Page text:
Our representatives in Washington, D.C., are in a tussle over how to address the nation’s debt, with some, mostly Republicans, insisting that the solution lies in cutting “entitlement” programs. I agree, though it’s certainly not Social Security that should be cut. Entitlement in the case of Social Security means “earned.” The entitlement program that needs cutting and controls is our military spending.The Pentagon budget itself, which by no means includes all of military-related spending, is over $600 billion per year, consuming 57 percent of all US government discretionary spending. U.S. military spending has doubled in the last decade, and is larger that the combined military budgets of the next 19 largest-spending countries. In FY 2011, $102 billion of Pentagon spending was found to be wasted. Just that waste is larger than the combined budgets of the Departments of State, Interior, Commerce, Justice and Energy. And, according to the Pentagon itself, in the last decade the Pentagon awarded $1.1 trillion in contracts to contractors who have engaged in fraud. The Pentagon has never passed an audit, in contrast to every other federal agency. The CEOs of the largest five defense contractors average more than $21 million in annual compensation.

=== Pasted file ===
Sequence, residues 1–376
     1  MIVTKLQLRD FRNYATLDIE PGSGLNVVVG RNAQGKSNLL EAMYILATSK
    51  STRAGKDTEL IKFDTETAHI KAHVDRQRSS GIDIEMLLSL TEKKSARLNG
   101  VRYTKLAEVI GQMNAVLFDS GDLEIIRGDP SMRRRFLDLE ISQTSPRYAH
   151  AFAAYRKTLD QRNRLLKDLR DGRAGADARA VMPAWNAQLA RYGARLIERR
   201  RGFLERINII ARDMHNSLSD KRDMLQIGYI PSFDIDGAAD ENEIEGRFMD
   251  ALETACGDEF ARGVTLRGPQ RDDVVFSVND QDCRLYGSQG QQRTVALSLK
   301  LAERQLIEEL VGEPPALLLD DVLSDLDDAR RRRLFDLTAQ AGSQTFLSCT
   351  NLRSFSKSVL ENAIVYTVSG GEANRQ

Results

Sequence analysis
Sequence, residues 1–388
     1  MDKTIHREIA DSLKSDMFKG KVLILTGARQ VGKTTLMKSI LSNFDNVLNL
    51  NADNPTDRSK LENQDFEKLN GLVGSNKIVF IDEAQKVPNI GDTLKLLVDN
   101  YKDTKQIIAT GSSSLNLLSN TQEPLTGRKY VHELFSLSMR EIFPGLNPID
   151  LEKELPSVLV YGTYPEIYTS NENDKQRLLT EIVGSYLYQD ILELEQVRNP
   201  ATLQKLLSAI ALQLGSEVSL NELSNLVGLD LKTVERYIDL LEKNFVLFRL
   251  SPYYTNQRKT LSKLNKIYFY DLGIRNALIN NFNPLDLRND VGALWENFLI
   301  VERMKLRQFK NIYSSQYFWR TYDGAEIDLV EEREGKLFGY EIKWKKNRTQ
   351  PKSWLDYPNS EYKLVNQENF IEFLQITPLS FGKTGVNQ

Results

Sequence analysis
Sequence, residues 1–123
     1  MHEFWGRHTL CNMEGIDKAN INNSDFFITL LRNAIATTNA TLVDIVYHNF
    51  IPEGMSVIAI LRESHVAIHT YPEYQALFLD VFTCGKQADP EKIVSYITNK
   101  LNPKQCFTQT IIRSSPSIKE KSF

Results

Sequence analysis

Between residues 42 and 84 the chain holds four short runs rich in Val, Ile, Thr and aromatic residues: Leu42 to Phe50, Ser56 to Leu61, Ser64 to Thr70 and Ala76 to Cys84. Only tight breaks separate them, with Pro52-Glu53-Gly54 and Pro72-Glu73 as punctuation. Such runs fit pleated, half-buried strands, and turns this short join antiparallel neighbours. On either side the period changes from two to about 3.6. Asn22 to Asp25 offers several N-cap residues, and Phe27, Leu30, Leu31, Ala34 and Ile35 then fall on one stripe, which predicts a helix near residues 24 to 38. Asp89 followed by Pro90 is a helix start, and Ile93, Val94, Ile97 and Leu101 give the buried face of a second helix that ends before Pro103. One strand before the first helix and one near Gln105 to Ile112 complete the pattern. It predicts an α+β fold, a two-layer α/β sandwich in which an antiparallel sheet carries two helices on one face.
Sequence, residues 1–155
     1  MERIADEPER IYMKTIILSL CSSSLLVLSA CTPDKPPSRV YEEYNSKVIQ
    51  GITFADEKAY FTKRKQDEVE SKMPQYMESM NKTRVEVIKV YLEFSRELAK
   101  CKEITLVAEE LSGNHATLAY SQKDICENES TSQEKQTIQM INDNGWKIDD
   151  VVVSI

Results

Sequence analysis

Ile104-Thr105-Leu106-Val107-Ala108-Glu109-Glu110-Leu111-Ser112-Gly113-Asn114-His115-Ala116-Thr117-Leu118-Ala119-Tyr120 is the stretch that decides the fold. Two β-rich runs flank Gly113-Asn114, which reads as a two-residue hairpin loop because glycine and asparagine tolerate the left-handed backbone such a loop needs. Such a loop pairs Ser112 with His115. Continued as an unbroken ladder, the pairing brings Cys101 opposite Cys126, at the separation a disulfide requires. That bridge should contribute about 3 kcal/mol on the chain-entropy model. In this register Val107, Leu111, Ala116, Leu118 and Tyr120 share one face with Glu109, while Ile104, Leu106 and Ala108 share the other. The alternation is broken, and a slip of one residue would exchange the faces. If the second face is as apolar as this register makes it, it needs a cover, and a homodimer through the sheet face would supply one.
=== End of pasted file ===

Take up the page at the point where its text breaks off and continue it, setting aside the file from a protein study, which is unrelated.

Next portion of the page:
Cutting and controlling our military spending is one of the keys to getting out of our fiscal hole. (A miniscule portion of the savings should be devoted to a Department of Peace). If we do not control our military spending, we will be entitled to debt, unemployment and war.